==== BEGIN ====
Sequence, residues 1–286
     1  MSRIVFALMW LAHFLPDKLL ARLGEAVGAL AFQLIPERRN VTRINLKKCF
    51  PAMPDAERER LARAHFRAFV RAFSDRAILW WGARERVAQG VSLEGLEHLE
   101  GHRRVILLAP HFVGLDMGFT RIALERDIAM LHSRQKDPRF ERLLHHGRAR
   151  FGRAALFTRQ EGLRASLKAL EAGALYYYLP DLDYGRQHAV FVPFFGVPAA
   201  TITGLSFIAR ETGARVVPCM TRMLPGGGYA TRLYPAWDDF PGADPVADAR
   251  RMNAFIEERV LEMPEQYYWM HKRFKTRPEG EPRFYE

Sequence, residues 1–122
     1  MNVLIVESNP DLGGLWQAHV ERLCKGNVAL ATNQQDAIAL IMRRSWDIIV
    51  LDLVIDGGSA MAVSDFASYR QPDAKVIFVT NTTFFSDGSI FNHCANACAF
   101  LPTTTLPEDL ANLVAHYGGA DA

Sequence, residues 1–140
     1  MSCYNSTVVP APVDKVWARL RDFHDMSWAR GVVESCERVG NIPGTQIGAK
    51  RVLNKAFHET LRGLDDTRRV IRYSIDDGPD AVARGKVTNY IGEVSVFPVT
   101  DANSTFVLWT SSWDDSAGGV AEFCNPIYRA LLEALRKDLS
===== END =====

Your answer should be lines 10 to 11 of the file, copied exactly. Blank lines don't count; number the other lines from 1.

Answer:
    51  LDLVIDGGSA MAVSDFASYR QPDAKVIFVT NTTFFSDGSI FNHCANACAF
   101  LPTTTLPEDL ANLVAHYGGA DA